All the President’s Norms - WSJ

Trump haters wage a war on standards and use his bad behavior as an excuse.

President Trump conducts a press conference in the White House, Sept. 4.

Not even Donald Trump’s most ardent supporters would deny that he has often disregarded norms of political behavior—from the derisive nicknames he uses to diminish political rivals to ill-advised tweets such as the one suggesting we delay the election. These are impossible to ignore, not least because when they happen the entire press and political establishment talk of nothing else for days.

So let us stipulate that the president is a serial norm breaker, and it’s perfectly fair to call him out on it. But Mr. Trump’s foes break plenty of norms themselves, justifying it because of, well, Trump—and then adding a lecture about civility on top. The latest example: Can anyone imagine a serious news publication running a story accusing Joe Biden or Nancy Pelosi of maligning the war dead with all anonymous sources?

The Trump-justifies-the-means rationale has been as poisonous for the nation as anything the president has done. Start with this: Has there ever been a norm violation more grievous than the way the Justice Department and FBI were politically weaponized to intervene in an election and then take down an elected president, built on a salacious Russian dossier commissioned by the Hillary Clinton campaign and lies to the Foreign Intelligence Surveillance Act court? Not to mention intelligence chiefs such as CIA Director John Brennan and Director of National Intelligence James Clapper who publicly painted the president as a Russian agent while privately testifying to Congress they’d seen no evidence for such a claim.

In the Age of Trump, calls to change any norm seen as working in the president’s favor are frequent. Mr. Trump wins the election but loses the popular vote? Eleven Democratic candidates for president call for doing away with the Electoral College. Mr. Trump appoints jurists who don’t believe in legislating from the bench? Sens. Kamala Harris, Kirsten Gillibrand and Elizabeth Warren propose packing the Supreme Court.

Meanwhile, Mrs. Clinton, still sore about her loss in 2016, urges Mr. Biden not to concede in any circumstances. Trump Supreme Court nominee Brett Kavanaugh is accused of gang rape and we are told about our obligation to believe the women as the allegation is splashed all over the news, but when a former Senate staffer accuses Mr. Biden of sexual harassment, it turns out you don’t have to believe that woman, or even pay attention to her. Meanwhile the speaker of the House, Nancy Pelosi, launches an impeachment inquiry of the president without a floor vote authorizing it.

Or remember in February, when Mrs. Pelosi ostentatiously tore up her copy of the State of the Union on her podium? Or how anyone wearing a MAGA hat is automatically a racist, including a high school kid wearing one to a pro-life rally? Or Rep. Maxine Waters calling for people to confront Trump officials wherever they’re found—at restaurants, shops, or a gas station—and create a crowd to harass them?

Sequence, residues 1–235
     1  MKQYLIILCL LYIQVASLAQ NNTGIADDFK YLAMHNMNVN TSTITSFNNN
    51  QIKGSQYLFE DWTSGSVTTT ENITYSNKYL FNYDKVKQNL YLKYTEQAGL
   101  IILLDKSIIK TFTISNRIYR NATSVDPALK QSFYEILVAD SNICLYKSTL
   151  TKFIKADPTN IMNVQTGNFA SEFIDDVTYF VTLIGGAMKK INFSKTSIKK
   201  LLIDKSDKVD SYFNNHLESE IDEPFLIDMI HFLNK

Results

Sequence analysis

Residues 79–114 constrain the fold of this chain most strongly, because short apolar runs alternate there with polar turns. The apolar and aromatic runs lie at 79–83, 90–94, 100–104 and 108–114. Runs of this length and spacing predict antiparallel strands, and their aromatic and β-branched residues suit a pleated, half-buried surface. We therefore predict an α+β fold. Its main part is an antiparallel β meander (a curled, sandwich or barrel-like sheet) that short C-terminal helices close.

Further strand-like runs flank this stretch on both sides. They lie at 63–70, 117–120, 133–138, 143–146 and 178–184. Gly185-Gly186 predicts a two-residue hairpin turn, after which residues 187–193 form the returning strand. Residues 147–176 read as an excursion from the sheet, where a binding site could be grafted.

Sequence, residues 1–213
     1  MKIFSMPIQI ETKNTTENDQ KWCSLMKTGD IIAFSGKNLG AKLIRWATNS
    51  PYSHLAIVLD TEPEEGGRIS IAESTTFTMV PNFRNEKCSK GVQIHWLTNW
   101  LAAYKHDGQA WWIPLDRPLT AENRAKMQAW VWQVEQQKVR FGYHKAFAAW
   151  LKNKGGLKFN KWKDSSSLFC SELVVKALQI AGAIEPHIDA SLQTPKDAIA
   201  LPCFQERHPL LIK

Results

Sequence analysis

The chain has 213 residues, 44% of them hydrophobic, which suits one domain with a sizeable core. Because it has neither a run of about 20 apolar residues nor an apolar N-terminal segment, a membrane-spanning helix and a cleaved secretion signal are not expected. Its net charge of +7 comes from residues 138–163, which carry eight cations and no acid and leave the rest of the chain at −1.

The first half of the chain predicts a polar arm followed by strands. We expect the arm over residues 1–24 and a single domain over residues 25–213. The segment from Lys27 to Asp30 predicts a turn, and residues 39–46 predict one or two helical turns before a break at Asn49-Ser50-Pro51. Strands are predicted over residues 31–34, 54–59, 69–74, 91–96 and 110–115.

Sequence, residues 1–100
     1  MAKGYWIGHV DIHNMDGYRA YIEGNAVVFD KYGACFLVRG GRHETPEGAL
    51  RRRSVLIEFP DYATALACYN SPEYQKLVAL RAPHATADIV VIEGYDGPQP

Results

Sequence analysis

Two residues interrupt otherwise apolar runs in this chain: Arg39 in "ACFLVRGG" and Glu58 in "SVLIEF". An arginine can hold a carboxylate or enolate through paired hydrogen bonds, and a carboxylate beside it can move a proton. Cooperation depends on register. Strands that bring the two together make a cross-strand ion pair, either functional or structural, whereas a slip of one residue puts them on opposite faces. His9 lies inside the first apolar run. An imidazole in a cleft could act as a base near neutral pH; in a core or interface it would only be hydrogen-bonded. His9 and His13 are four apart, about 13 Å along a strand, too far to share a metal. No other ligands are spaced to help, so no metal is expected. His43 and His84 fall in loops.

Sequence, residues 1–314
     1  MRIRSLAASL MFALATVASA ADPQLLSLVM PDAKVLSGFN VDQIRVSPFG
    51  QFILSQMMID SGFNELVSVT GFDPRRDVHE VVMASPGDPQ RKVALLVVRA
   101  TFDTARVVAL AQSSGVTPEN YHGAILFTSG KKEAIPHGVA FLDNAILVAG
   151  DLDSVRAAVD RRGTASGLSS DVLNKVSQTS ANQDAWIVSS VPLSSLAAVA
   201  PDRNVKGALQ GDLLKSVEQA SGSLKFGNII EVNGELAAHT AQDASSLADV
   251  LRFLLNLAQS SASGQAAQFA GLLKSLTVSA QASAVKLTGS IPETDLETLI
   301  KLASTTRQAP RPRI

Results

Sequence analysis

So long as a norm violation works against Mr. Trump or his supporters, it gets a pass. That’s mostly because the institution that should be holding violators accountable, the press, has abandoned even the pretense of objectivity with anything Trump.

The most recent example came Friday. The president held a press conference in which reporters rightly peppered him with tough questions about everything from the attempted assassination of Russia’s opposition leader, to whether America is making as much progress against Covid-19 as he says, to whether he regretted saying John McCain was no hero.

The same day, Mr. Biden held one of his (infrequent) press briefings. This time, it was all softballs. Most reporters simply asked him to expand on how awful Mr. Trump is, starting with the first question, which asked Mr. Biden to give his take on Mr. Trump’s soul.

We’ve been seeing this for years. Where was the press skepticism about the Steele dossier or the whole Russia collusion narrative? Can anyone remember headlines about norm busting when Americans learned the FBI agent accused of altering a document for a FISA court had declared himself part of the “resistance”? Or when a text revealed the FBI’s lead investigator into the Trump and Clinton campaigns telling his FBI lover that they will “stop” Mr. Trump from becoming president? Against this, the standard rhetorical excesses likening the president to murderous totalitarians—Trump is Hitler, Trump is Stalin, Trump is Mussolini—look almost quaint.

The critics will say this is all whataboutism. But that’s not an answer, it’s an evasion. If norms are norms, they apply to everyone. Unfortunately, as my colleague Kim Strassel notes in her book “Resistance (at All Costs),” the reigning standard of the Trump norm busters is this: “You either hate the man, or you are as bad as the man.”

The new approach to norms was signaled in the thick of the 2016 campaign, in a front-page New York Times op-ed by Jim Rutenberg. In it Mr. Rutenberg asked whether “normal” standards should apply to Donald Trump.

Plainly we have our answer: No.

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